The earthquake which was caused by 5 to 8 meters upthrust on a 180-km wide seabed at 60 km offshore from the east coast of Tōhoku resulted in a major tsunami which brought destruction along the Pacific coastline of Japan's northern islands and resulted in the loss of thousands of lives and devastated entire towns. The tsunami propagated across the Pacific, and warnings were issued and evacuations carried out. In many countries bordering the Pacific, including the entire Pacific coast of North and South America from Alaska to Chile; however, while the tsunami was felt in many of these places, it caused only relatively minor effects. Chile's section of Pacific coast is one of the furthest from Japan, at about 17,000 km (11,000 mi) away, but still was struck by tsunami waves 2 m (6.6 ft) high. A wave height of 38.9 meters (128 ft) was estimated at Omoe peninsula, Miyako city, Iwate prefecture.
The tsunami warning issued by the Japan Meteorological Agency was the most serious on its warning scale; it rated as a "major tsunami", being at least 3 m (9.8 ft) high. The actual height predicted varied, the greatest being for Miyagi at 6 m (20 ft) high. The tsunami inundated a total area of approximately 561 km2 (217 sq mi) in Japan.
The earthquake took place at 14:46 JST around 67 km (42 mi) from the nearest point on Japan's coastline, and initial estimates indicated the tsunami would have taken 10 to 30 minutes to reach the areas first affected, and then areas farther north and south based on the geography of the coastline. Just over an hour after the earthquake at 15:55 JST, a tsunami was observed flooding Sendai Airport, which is located near the coast of Miyagi Prefecture, with waves sweeping away cars and planes and flooding various buildings as they traveled inland. The impact of the tsunami in and around Sendai Airport was filmed by an NHK News helicopter, showing a number of vehicles on local roads trying to escape the approaching wave and being engulfed by it. A 4 m high tsunami hit Iwate Prefecture. Wakabayashi Ward in Sendai was also particularly hard hit. At least 101 designated tsunami evacuation sites were hit by the wave.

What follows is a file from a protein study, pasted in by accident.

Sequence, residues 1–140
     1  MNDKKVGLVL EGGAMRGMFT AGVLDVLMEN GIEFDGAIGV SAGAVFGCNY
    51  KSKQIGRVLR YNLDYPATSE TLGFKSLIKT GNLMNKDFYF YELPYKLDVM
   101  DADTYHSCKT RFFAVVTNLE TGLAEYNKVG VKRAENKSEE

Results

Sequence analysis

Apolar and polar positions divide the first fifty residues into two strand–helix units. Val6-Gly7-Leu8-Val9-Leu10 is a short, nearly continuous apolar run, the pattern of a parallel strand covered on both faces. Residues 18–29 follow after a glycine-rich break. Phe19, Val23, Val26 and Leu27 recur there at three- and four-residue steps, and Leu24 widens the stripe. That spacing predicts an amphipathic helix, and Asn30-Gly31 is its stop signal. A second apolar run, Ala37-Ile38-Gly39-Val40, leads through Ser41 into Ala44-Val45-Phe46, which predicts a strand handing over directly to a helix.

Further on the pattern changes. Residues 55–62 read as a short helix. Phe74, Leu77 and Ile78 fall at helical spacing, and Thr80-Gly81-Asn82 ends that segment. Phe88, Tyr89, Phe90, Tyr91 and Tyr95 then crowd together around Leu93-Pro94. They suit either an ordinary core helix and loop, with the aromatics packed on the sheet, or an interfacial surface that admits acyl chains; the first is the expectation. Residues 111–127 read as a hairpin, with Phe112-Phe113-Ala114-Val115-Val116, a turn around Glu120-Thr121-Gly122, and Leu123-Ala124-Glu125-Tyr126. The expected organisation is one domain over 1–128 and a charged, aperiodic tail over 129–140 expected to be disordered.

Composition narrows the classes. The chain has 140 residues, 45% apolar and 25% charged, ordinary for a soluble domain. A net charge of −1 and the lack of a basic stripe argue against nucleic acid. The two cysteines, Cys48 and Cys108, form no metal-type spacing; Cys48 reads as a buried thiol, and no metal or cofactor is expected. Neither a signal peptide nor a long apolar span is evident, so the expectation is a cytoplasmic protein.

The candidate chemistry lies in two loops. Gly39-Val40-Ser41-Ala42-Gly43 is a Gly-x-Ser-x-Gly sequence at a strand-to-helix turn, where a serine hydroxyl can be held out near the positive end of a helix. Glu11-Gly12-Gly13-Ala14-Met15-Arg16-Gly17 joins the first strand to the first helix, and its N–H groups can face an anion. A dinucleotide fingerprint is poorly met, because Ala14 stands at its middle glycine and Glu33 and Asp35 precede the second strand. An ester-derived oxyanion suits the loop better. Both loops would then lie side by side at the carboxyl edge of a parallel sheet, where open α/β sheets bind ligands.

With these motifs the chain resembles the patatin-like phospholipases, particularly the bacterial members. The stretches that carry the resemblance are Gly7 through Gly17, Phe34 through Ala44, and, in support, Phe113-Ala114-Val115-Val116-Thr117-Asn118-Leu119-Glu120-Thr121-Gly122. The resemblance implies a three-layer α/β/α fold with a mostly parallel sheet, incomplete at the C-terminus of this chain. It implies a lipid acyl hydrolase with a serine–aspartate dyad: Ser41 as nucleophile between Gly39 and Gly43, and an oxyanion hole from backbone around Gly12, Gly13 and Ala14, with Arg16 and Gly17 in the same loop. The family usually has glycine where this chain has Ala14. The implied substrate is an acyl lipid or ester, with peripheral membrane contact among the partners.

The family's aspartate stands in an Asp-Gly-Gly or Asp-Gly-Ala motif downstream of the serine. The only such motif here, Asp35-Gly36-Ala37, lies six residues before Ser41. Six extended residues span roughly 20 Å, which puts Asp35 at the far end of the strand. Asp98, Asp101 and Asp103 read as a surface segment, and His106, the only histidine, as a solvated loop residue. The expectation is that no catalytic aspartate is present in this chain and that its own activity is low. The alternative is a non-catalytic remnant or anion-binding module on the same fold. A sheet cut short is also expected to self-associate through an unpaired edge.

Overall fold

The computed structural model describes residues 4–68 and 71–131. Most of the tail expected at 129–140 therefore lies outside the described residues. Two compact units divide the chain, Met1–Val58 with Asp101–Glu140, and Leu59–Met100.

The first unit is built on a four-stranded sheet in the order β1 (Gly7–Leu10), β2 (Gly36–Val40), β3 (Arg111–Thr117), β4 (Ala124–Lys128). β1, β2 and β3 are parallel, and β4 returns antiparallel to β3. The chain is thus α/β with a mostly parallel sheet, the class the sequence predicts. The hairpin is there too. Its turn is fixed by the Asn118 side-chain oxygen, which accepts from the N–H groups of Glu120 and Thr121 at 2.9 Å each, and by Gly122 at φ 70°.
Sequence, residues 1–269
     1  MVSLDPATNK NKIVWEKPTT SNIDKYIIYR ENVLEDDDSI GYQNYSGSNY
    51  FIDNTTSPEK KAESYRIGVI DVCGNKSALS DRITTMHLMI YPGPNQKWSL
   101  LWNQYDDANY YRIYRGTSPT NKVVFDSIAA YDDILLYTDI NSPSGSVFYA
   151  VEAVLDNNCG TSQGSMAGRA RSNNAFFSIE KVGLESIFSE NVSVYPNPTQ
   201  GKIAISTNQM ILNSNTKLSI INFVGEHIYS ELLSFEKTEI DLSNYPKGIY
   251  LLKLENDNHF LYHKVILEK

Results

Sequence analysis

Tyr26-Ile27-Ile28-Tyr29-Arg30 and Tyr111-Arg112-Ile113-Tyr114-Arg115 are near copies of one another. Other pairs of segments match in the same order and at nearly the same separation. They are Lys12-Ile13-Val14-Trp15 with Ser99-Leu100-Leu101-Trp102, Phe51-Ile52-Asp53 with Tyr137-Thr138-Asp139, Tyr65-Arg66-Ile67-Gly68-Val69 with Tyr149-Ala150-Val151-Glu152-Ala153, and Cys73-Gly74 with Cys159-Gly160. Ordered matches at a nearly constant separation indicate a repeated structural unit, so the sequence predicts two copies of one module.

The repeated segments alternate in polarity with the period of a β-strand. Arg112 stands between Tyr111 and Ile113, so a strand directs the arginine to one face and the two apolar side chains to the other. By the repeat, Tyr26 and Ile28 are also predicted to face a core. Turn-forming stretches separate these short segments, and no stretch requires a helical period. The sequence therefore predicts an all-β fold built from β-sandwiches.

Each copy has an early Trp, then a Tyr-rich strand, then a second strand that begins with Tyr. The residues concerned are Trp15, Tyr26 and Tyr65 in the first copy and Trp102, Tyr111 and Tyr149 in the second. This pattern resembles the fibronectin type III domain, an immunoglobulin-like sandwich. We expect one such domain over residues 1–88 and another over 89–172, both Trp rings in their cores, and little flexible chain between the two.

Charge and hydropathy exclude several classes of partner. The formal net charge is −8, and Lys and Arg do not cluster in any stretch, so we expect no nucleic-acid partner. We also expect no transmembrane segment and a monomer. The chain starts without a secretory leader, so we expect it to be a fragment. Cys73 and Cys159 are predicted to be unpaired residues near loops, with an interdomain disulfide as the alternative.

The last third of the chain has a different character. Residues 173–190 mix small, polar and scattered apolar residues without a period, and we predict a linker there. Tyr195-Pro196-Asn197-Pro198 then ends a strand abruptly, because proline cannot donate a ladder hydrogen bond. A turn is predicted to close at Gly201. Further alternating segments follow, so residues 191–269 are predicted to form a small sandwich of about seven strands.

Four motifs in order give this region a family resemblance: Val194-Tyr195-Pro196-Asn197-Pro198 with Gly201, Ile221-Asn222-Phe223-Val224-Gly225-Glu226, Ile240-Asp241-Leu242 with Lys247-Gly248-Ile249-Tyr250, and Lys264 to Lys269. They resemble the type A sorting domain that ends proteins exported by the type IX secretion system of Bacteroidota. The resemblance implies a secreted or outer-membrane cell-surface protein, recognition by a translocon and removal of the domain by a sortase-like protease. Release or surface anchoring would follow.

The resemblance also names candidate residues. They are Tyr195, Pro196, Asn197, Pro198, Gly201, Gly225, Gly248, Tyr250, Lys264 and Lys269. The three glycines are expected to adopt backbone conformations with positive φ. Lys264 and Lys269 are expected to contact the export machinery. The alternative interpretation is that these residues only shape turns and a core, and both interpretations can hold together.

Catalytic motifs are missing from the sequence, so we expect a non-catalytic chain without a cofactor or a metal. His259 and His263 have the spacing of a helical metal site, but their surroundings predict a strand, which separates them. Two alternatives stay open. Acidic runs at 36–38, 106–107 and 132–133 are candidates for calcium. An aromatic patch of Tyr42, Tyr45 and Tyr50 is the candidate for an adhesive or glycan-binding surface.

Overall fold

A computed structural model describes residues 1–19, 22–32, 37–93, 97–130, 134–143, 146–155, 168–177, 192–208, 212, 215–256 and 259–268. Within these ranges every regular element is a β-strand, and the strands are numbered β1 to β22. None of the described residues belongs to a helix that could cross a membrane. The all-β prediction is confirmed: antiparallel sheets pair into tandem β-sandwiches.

Like the 2004 Indian Ocean earthquake and tsunami, the damage by surging water, though much more localized, was far more deadly and destructive than the actual quake. There were reports of entire towns destroyed from tsunami-hit areas in Japan, including 9,500 missing in Minamisanriku; one thousand bodies had been recovered in the town by 14 March 2011.
Among several factors causing the high death toll from the tsunami, one was the unexpectedly large size of the water surge. The tsunami walls at several of the affected cities were based on much smaller tsunami heights. Also, many people caught in the tsunami thought that they were located on high enough ground to be safe.
Kuji and Ōfunato were almost entirely destroyed Also destroyed was Rikuzentakata, where the tsunami was reportedly three stories high. Other cities reportedly destroyed or heavily damaged by the tsunami include Kamaishi, Miyako, Ōtsuchi, and Yamada (in Iwate Prefecture), Namie, Sōma and Minamisōma (in Fukushima Prefecture) and Shichigahama, Higashimatsushima, Onagawa, Natori, Ishinomaki, and Kesennuma (in Miyagi Prefecture). The most severe effects of the tsunami were felt along a 670-km (420 mi)-long stretch of coastline from Erimo in the north to Ōarai in the south, with most of the destruction in that area occurring in the hour following the earthquake. Near Ōarai, people captured images of a huge whirlpool that had been generated by the tsunami. The tsunami washed away the sole bridge to Miyatojima, Miyagi, isolating the island's 900 residents. A two meter high tsunami hit Chiba Prefecture about 2 1/2 hours after the quake, causing heavy damage to cities such as Asahi.
On 13 March 2011, the Japan Meteorological Agency (JMA) published details of tsunami observations recorded around the coastline of Japan following the earthquake. These observations included tsunami maximum readings of over 3 m (9.8 ft) at the following locations and times on 11 March 2011, following the earthquake at 14:46 JST:
- 15:12 JST – off Kamaishi – 6.8 m (22 ft)
- 15:15 JST – Ōfunato – 3.2 m (10 ft) or higher
- 15:20 JST – Ishinomaki-shi Ayukawa – 3.3 m (11 ft) or higher
- 15:21 JST – Miyako – 4.0 m (13.1 ft) or higher
- 15:21 JST – Kamaishi – 4.1 m (13 ft) or higher
- 15:44 JST – Erimo-cho Shoya – 3.5 m (11 ft)
- 15:50 JST – Sōma – 7.3 m (24 ft) or higher
- 16:52 JST – Ōarai – 4.2 m (14 ft)
These readings were obtained from recording stations maintained by the JMA around the coastline of Japan. Many areas were also affected by waves of 1 to 3 meters (3.3 to 9.8 ft) in height, and the JMA bulletin also included the caveat that "At some parts of the coasts, tsunamis may be higher than those observed at the observation sites." The timing of the earliest recorded tsunami maximum readings ranged from 15:12 to 15:21, between 26 and 35 minutes after the earthquake had struck. The bulletin also included initial tsunami observation details, as well as more detailed maps for the coastlines affected by the tsunami waves.